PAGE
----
A matter of intelligence: MI5 and the surveillance of anti-Nazi refugees, 1933–50

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A matter of intelligence: MI5 and the surveillance of anti-Nazi refugees, 1933–50 – Book presentation

  • Tue 17 Mar 2015
  • 7:00PM
Imported 2100
Imported 2100

Austrian Cultural Forum London

28 Rutland GateLondon SW7 1PQ


T 020 7225 7300

F 020 7225 7300

E office@acflondon.org


Based on their recent book A Matter of Intelligence: MI5 and the Surveillance of Anti-Nazi Refugees 1933-1950 Charmian Brinson and Richard Dove will discuss MI5's surveillance of some of the 25.000 Austrian refugees who fled to Britain, in particular the political refugees among them. This surveillance exercise formed an important part of MI5's work during this period, however it does not figure in the official history of MI5, nor in any of the unofficial ones. The talk will trace the development of MI5's surveillance of the refugees through case files recently released to the National Archives files on individuals and refugee organisations; and finally it will assess how successful or useful the exercise actually was.

This is an unusual book, telling a story which has hitherto remained hidden from history: the surveillance by the British security service MI5 of anti-Nazi refugees who came to Britain fleeing political persecution in Germany and Austria. Based on the personal and organisational files that MI5 kept on political refugees during the 1930s and 1940s – which have only recently been released into the public domain – this study also fills a considerable gap in historical research. Telling a story of absorbing interest, which at times reads more like spy fiction, it is both a study of MI5 and of the political refugees themselves. The book will interest academics in the fields of history, politics, intelligence studies, Jewish studies, German studies and migration studies; but it is also accessible to the general reader interested in Britain before, during and after the Second World War.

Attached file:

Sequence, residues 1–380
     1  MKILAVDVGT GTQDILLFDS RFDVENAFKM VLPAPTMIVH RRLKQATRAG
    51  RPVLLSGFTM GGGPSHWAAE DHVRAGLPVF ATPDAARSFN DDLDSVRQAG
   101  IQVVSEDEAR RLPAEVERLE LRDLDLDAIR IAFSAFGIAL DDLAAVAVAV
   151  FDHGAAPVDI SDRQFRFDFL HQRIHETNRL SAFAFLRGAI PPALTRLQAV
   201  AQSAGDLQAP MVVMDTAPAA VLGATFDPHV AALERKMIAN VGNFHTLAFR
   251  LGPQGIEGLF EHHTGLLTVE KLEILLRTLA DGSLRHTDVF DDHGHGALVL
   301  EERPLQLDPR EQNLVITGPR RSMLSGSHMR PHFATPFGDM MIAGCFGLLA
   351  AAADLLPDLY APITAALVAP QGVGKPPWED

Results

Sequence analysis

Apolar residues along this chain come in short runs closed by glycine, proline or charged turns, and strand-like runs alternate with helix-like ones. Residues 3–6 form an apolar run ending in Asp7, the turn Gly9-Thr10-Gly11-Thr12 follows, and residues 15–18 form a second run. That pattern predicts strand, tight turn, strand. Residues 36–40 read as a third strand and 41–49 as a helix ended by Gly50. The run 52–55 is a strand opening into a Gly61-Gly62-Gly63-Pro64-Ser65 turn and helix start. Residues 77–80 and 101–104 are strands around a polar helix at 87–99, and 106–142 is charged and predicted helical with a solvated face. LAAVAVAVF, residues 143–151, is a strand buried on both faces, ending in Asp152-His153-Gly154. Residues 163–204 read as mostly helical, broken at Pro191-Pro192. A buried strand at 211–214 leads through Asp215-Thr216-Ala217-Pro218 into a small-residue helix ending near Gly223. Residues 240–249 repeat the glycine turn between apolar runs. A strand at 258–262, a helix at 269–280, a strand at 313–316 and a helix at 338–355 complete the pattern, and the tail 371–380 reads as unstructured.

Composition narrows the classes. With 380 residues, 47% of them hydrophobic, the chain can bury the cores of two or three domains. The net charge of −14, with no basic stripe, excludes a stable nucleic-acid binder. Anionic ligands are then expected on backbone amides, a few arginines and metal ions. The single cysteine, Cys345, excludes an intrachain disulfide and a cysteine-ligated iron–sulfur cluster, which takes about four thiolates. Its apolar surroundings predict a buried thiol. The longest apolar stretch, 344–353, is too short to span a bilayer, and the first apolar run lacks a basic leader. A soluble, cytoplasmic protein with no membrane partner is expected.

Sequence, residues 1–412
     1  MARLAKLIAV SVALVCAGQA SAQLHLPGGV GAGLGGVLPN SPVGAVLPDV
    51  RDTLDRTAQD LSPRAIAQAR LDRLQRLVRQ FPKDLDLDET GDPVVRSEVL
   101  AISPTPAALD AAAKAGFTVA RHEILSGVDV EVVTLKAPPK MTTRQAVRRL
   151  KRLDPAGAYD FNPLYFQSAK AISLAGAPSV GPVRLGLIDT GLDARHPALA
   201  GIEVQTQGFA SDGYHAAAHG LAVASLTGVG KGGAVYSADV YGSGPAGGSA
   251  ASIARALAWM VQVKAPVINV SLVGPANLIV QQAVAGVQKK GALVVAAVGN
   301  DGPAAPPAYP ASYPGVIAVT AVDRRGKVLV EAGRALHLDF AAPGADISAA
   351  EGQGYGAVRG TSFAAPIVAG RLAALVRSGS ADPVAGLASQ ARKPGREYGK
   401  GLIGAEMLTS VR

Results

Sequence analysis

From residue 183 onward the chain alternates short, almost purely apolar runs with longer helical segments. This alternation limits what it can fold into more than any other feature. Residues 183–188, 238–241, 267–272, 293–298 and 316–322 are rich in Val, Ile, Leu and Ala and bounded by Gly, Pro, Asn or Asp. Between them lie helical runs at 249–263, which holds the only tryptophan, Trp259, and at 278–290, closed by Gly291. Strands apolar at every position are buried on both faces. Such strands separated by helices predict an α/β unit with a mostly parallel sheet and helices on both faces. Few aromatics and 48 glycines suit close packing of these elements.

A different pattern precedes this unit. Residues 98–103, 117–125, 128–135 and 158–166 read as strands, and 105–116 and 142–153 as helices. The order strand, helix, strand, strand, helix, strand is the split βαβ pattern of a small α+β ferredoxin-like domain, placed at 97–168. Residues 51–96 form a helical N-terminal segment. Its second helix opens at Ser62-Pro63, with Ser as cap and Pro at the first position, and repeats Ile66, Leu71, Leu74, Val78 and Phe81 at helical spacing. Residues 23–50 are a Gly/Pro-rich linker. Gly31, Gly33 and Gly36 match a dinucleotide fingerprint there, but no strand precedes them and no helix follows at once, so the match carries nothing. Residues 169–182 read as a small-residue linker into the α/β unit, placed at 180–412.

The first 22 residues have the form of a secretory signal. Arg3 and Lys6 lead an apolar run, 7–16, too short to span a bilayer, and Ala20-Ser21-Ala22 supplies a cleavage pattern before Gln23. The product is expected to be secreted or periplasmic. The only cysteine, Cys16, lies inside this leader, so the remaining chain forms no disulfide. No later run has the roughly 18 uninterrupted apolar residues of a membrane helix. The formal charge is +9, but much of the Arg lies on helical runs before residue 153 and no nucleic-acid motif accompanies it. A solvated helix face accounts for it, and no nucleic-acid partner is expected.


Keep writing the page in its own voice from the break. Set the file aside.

Written by Charmian Brinson, Professor of German Studies at Imperial College, London and Richard Dove, Emeritus Professor of German, University of Greenwich.